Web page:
HARTFORD — Selectmen and officials from Buckfield, Canton and Turner discussed a long-range solution to maintaining fire service in town at a special meeting preceding the regular selectmen's meeting.
At their 2012 town meeting, residents rejected the increased cost for fire protection from the three towns that serve Hartford. The town disbanded its fire department several years ago because of fines from the Maine Department of Labor.
The three towns have been providing protection at a per residence cost less than what their own residents paid. Their proposed increases were to equalize cost. When Hartford voters failed to come up with the requested funds, selectmen prevailed on the other towns to enter into a 3-month service agreement.
At Tuesday night's meeting, Hartford selectmen tried to negotiate a reduced rate, but the other towns insisted that they could not ask their residents to underwrite Hartford's fire protection.
There will be a public hearing and a special town meeting on Saturday, Sept. 8, to explain the consequences of not having fire protection and to consider taking the necessary funds from town reserves to pay for protection for the remainder of the year.
Selectman Jack Plumley said he checked with his insurance company. They said that if the town loses fire protection service, they would not drop him immediately. But they would refuse to renew his policy.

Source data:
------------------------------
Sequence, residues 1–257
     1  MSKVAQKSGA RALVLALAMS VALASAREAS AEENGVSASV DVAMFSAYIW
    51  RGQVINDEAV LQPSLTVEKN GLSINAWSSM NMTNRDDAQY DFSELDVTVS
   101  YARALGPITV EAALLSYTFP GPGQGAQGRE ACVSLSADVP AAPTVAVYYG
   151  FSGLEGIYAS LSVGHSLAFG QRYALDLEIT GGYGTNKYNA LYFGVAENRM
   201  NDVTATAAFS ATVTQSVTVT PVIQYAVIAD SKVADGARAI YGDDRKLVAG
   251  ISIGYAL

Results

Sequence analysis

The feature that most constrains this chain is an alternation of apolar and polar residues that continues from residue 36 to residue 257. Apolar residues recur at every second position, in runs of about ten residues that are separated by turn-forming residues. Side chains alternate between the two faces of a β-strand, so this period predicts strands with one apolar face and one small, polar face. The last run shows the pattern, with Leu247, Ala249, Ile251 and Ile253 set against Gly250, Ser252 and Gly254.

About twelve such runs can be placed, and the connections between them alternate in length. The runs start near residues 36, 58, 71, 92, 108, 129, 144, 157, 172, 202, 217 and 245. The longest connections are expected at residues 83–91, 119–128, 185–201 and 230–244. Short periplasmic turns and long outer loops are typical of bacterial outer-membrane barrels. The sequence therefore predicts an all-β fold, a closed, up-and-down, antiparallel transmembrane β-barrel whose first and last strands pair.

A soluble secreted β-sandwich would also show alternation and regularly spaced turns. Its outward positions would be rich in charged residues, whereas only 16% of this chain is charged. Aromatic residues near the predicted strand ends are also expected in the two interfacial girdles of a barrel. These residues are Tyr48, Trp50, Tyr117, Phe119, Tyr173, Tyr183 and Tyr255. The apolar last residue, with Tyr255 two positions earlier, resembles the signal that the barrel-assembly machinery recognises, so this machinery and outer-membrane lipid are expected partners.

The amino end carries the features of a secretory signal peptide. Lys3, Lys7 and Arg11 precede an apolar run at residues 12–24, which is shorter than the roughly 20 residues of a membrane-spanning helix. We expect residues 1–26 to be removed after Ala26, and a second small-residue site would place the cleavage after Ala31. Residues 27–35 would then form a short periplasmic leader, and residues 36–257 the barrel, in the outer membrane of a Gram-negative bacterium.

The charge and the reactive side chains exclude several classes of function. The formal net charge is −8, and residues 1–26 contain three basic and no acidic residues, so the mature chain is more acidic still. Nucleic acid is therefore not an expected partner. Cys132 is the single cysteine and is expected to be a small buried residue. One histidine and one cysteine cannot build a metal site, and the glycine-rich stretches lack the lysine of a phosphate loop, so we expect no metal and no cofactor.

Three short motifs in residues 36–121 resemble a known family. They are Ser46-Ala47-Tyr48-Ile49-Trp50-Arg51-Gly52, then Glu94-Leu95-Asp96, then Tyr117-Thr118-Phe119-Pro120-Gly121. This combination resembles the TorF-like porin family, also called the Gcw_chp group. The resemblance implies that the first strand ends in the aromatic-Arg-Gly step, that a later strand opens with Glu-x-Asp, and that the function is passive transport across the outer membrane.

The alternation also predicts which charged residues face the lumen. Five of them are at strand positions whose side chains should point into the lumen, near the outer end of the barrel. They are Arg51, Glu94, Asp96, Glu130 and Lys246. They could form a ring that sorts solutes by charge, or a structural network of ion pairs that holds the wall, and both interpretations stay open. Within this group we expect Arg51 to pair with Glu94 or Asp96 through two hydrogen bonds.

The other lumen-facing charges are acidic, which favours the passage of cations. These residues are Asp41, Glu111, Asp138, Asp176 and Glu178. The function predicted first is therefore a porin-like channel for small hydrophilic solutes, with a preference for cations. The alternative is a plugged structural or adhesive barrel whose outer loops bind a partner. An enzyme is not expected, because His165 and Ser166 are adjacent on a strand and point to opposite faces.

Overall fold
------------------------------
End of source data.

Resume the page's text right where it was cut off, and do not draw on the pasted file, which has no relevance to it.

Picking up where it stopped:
Selectman Lee Holman said that the town was required to provide fire protection service, but she did not know how they could do that if the voters did not supply the funds. She also questioned what would happen to mortgages that required homeowners to maintain fire insurance if the insurance companies refused coverage.
In other business, Holman read a letter from the Maine Department of Transportation stating that they will be spraying along state roads this summer. Residents who wish to manually keep their roadside clear can opt out by calling the Dixfield DOT office at 562-4228. Additional information is available on the DOT Web site.
The Maine Department of Environmental Protection inspected the town transfer station. They found some hazardous materials at the site which must be removed professionally. Selectmen approved funds for the cleanup.
It is likely that the state will demand the closure of the present transfer station. Volunteers are being sought to serve on a committee to study options for moving the station.
Hartford's RSU 10 Director Shawn White reported on activities of the school board. There is much interest in consolidating all of the middle schools and all of the high schools. He said that while there were benefits from consolidating, the best thing for students was smaller schools.
He also said that he was not opposed to the desire of representatives from Buckfield and Sumner to withdraw from RSU 10. Buckfield, Hartford and Sumner made up SAD 39 before they were forced into consolidation by the state.